See, e.g., HKIAC Rules, Article 23.5; ICDR Arbitration Rules, Article 20.2; LCIA Rules, Article 20.1; SCC Arbitration Rules, Article 28(1); UNCITRAL Arbitration Rules, Article 25.2; WIPO Arbitration Rules, Article 54.


The 1983 IBA Rules imposed a fixed time period for submitting this information on witnesses if parties did not agree or if the tribunal did not impose another time frame.7 The UNCITRAL and ICDR Arbitration Rules require that the information must be given at least some time before the hearing.8 The IBA Rules of Evidence leave it entirely to the tribunal to impose the time within which the information must be given.

Affiliated Persons as Witnesses

Differences exist among legal systems as to whether an executive employee, agent or other person affiliated with one of the parties in dispute can be heard as a witness. This status as a witness may have important consequences. For instance, in some legal systems, a party may be a witness in its own case, whereas in others only third parties may testify as witnesses. In such systems, a party providing information would not be considered a "witness", and the information would not be provided under oath or a similar commitment to tell the truth. Article 4.2 of the IBA Rules of Evidence, however, provides that the partys officers, employees and other representatives may be witnesses for the purpose of the IBA Rules of Evidence. Therefore, under Article 8.4, the arbitral tribunal may ask a party witness to affirm, "in a manner determined by the Arbitral Tribunal to be appropriate", some commitment to tell the truth. The arbitral tribunal may also consider the identity of a witness, and his or her affiliation with any party, as one of many factors that may or may not affect the weight to be given to such evidence (see Article 9.1).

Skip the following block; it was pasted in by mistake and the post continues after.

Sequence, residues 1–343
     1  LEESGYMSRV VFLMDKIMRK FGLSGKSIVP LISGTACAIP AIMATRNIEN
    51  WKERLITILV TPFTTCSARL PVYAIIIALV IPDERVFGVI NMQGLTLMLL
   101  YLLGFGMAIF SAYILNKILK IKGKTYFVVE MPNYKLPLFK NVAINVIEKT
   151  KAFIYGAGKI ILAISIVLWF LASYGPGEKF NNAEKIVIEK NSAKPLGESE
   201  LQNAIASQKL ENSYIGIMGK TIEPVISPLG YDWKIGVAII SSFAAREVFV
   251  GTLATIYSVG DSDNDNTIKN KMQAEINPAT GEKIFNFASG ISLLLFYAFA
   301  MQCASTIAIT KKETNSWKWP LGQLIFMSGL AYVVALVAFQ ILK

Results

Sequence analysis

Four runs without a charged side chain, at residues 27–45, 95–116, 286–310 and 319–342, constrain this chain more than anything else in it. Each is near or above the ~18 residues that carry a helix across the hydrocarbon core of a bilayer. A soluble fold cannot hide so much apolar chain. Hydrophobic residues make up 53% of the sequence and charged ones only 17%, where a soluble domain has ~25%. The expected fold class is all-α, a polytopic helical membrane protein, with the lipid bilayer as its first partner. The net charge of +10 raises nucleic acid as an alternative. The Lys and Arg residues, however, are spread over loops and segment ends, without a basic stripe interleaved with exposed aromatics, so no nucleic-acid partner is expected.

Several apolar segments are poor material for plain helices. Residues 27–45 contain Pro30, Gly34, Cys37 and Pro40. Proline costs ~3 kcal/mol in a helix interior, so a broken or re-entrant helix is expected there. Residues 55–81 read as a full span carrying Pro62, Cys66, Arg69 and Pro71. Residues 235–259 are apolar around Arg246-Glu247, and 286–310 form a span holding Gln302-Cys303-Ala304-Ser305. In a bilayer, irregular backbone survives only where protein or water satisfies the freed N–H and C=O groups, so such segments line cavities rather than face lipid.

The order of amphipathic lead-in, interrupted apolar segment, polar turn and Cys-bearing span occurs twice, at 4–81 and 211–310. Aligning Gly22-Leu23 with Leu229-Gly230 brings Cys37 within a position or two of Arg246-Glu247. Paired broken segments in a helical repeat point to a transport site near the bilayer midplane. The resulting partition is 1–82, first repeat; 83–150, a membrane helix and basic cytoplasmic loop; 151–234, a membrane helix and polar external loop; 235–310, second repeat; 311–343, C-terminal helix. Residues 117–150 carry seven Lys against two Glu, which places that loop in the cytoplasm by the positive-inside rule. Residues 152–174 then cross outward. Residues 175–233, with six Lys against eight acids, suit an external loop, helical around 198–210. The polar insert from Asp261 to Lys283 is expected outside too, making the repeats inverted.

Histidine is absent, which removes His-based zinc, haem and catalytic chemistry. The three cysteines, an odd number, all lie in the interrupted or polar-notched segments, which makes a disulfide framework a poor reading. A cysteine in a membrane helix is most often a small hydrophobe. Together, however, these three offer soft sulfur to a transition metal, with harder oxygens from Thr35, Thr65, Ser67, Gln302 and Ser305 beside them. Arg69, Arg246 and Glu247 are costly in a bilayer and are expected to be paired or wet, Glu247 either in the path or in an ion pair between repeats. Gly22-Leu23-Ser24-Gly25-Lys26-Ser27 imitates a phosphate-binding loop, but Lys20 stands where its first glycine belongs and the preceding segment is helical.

Preliminary Contacts Between Party and Witness